The HLH transcriptional regulator Id4 exerts important roles in different organs, including the neural compartment, where Id4 loss usually results in early lethality. To explore the role of this basally restricted transcription factor in the mammary gland, we generated a cre-inducible mouse model. MMTV- or K14-cre-mediated deletion of Id4 led to a delay in ductal morphogenesis, consistent with previous findings using a germ-line knockout mouse model. A striking increase in the expression of ERα (Esr1), PR and FoxA1 was observed in both the basal and luminal cellular subsets of Id4-deficient mammary glands. Together with chromatin immunoprecipitation of Id4 on the Esr1 and Foxa1 promoter regions, these data imply that Id4 is a negative regulator of the ERα signaling axis. Unexpectedly, examination of the ovaries of targeted mice revealed significantly increased numbers of secondary and antral follicles, and reduced Id4 expression in the granulosa cells. Moreover, expression of the cascade of enzymes that are crucial for estrogen biosynthesis in the ovary was decreased in Id4-deficient females and uterine weights were considerably lower, indicating impaired estrogen production. Thus, compromised ovarian function and decreased circulating estrogen likely contribute to the mammary ductal defects evident in Id4-deficient mice. Collectively, these data identify Id4 as a novel regulator of estrogen signaling, where Id4 restrains ERα expression in the basal and luminal cellular compartments of the mammary gland and regulates estrogen biosynthesis in the ovary.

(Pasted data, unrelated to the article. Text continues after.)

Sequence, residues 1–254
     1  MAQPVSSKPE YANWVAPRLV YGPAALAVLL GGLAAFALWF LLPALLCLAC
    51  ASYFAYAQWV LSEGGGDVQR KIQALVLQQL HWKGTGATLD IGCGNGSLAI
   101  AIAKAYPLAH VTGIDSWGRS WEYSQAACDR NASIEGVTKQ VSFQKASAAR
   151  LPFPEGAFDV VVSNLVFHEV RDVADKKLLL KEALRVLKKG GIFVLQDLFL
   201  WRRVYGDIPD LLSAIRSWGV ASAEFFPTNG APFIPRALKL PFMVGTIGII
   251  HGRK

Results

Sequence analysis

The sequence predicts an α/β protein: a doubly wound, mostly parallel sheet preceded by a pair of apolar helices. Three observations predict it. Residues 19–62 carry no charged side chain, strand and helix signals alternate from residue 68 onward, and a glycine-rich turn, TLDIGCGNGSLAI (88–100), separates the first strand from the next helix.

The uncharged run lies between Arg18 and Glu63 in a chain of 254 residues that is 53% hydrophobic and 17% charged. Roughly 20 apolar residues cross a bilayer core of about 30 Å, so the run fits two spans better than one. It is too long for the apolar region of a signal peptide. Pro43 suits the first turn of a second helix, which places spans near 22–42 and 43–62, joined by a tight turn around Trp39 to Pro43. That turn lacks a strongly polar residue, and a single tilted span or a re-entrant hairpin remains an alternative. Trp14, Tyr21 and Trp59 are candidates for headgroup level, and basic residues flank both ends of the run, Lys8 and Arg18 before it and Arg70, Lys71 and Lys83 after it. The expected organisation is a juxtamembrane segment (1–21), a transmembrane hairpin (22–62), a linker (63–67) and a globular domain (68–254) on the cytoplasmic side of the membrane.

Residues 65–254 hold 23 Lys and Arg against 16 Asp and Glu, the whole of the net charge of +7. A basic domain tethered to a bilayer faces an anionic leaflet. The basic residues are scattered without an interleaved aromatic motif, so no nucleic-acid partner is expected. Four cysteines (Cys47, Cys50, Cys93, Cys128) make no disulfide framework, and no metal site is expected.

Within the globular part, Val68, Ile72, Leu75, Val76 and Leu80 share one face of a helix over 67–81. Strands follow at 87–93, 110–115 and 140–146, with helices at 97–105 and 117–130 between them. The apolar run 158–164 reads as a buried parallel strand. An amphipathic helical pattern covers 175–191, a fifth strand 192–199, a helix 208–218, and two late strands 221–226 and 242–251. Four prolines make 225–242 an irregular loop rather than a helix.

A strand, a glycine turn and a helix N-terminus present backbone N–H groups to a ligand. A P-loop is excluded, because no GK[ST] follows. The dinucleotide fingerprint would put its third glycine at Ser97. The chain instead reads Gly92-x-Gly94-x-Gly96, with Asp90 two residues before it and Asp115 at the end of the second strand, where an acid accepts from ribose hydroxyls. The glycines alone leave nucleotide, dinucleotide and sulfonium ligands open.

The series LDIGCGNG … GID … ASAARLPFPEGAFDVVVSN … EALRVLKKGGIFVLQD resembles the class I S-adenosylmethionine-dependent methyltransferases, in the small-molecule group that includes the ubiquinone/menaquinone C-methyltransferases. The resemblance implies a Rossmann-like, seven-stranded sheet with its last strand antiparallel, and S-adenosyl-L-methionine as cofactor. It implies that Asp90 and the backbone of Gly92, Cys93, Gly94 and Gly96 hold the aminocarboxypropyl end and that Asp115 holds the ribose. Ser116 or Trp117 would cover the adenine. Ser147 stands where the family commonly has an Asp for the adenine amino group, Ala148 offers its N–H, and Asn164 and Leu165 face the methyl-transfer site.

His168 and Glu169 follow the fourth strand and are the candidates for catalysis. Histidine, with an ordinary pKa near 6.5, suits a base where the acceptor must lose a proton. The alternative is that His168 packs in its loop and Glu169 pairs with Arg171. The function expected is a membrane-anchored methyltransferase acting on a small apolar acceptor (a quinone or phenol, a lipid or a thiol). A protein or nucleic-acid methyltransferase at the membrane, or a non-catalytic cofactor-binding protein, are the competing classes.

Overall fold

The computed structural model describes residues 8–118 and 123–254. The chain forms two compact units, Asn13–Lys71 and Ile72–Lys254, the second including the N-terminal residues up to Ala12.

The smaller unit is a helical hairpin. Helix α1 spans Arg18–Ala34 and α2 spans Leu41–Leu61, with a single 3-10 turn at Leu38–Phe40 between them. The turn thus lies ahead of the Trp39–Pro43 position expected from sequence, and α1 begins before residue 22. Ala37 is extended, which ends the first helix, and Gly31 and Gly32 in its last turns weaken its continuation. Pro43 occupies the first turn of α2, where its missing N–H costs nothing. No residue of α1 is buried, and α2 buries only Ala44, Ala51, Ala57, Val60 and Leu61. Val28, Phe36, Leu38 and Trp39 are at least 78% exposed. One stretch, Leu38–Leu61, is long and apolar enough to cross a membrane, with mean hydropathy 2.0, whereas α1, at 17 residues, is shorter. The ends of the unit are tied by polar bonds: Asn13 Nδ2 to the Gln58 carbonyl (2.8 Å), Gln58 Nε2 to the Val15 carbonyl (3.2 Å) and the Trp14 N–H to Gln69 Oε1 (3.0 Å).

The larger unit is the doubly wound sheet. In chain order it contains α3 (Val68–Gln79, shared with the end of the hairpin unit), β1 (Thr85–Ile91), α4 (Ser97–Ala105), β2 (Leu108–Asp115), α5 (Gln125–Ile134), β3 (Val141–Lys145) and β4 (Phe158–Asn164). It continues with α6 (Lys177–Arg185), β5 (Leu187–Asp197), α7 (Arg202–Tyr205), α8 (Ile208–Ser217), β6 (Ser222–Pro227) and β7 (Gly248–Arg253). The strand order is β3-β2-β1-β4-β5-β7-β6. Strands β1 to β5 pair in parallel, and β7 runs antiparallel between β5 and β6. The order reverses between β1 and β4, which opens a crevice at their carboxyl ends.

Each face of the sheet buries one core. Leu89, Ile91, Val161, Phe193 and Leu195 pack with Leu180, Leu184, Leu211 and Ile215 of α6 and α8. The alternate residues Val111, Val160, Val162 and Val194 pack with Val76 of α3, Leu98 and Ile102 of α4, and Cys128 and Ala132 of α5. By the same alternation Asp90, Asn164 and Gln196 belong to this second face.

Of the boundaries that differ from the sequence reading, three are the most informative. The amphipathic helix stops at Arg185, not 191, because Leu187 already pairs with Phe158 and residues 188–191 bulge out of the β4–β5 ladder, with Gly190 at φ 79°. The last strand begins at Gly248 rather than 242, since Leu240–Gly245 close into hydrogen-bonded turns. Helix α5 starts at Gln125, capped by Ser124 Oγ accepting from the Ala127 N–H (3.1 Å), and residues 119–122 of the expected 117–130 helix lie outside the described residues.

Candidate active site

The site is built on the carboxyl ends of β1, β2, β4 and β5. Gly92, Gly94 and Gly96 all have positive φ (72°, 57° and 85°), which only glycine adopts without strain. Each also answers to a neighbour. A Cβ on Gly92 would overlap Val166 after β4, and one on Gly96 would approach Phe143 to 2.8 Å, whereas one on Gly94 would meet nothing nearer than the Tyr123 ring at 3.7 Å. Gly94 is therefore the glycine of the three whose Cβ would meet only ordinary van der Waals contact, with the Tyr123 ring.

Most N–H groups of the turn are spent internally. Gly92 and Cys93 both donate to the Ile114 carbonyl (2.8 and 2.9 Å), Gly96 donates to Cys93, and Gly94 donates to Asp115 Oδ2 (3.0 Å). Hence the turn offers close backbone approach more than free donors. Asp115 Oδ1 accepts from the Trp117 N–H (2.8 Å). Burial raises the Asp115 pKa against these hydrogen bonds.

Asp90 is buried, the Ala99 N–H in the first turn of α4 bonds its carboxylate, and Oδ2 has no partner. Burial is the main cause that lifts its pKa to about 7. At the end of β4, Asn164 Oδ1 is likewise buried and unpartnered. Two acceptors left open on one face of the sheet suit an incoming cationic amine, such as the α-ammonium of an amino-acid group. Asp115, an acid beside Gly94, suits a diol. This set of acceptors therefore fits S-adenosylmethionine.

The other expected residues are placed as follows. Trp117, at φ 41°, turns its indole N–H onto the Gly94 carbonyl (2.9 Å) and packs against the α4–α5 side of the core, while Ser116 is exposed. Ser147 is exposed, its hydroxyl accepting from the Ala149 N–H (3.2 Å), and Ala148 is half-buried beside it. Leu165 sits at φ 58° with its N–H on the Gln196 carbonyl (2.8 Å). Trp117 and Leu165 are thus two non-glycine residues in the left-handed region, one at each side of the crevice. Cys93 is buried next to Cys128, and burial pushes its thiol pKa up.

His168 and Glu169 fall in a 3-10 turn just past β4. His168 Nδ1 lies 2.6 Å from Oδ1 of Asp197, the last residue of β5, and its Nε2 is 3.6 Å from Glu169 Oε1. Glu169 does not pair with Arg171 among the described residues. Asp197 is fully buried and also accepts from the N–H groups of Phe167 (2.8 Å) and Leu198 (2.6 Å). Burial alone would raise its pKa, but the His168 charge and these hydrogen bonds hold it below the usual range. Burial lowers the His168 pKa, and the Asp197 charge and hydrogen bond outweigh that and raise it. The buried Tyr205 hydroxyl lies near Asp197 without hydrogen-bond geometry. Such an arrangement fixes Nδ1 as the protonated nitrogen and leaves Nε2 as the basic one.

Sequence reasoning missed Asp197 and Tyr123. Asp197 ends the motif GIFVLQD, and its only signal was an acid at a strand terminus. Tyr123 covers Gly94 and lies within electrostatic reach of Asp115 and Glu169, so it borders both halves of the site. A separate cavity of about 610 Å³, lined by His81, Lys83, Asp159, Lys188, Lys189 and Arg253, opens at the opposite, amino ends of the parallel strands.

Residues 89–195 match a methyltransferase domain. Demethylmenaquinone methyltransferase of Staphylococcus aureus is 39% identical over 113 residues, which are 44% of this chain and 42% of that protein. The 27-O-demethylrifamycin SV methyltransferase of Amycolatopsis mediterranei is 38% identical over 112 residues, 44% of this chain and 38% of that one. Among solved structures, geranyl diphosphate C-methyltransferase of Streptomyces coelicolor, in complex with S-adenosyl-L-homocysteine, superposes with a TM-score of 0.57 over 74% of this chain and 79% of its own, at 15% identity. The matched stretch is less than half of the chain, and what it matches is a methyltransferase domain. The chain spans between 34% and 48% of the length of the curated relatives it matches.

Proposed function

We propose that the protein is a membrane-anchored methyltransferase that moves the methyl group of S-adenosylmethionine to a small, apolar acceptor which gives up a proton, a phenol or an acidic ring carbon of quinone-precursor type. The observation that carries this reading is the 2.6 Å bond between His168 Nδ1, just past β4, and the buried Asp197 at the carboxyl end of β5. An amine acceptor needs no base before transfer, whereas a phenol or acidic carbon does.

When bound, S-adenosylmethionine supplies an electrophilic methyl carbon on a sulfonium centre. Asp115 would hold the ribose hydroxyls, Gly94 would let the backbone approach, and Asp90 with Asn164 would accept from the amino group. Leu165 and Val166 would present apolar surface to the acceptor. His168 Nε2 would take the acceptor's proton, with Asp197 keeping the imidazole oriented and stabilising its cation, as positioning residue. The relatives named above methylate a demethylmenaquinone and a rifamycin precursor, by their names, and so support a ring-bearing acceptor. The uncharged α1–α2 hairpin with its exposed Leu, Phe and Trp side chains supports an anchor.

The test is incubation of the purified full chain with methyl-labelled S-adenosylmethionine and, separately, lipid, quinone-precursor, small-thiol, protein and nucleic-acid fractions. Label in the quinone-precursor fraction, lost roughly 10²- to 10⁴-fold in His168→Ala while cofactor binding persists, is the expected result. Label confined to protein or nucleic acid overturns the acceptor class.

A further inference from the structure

The Id family of helix-loop-helix proteins comprises four members (Id1-Id4) that have emerged as important regulators of the balance between proliferation and differentiation in a number of different developmental systems (Lasorella et al., 2014; Sikder et al., 2003). Id proteins lack a DNA-binding motif and appear to function by sequestering basic-HLH factors from dimerizing with their partner proteins and thus preventing them from binding DNA to regulate transcription. Id4 is of particular interest because it has been shown to be important for development of the neural system, mammary gland and prostate using a germline knockout model. Only 20% of mice survive on an Id4-null background, following a high proportion of embryonic and post-partum lethality resulting from severe brain and neuronal abnormalities (Bedford et al., 2005; Yun et al., 2004). In the male reproductive system, Id4 loss results in significantly reduced seminal vesicle size, prostatic intraepithelial neoplasia (PIN) lesions and sterility (Sharma et al., 2013), while a recent study in the mammary gland has shown that Id4 governs ductal elongation and branching via the Id4 target p38MAPK (Dong et al., 2011). In breast epithelial cells, Id4 negatively controls expression of the key tumor suppressor Brca1 (Beger et al., 2001) and also suppresses miR335, a positive regulator of Brca1 (Heyn et al., 2011). In the context of breast cancer, overexpression of Id4 tightly correlates with the ‘triple-negative’ subtype (de Candia et al., 2006; Wen et al., 2012) and inversely correlates with expression of BRCA1 and estrogen receptor α (ERα; Esr1) (Molyneux et al., 2010; Roldán et al., 2006).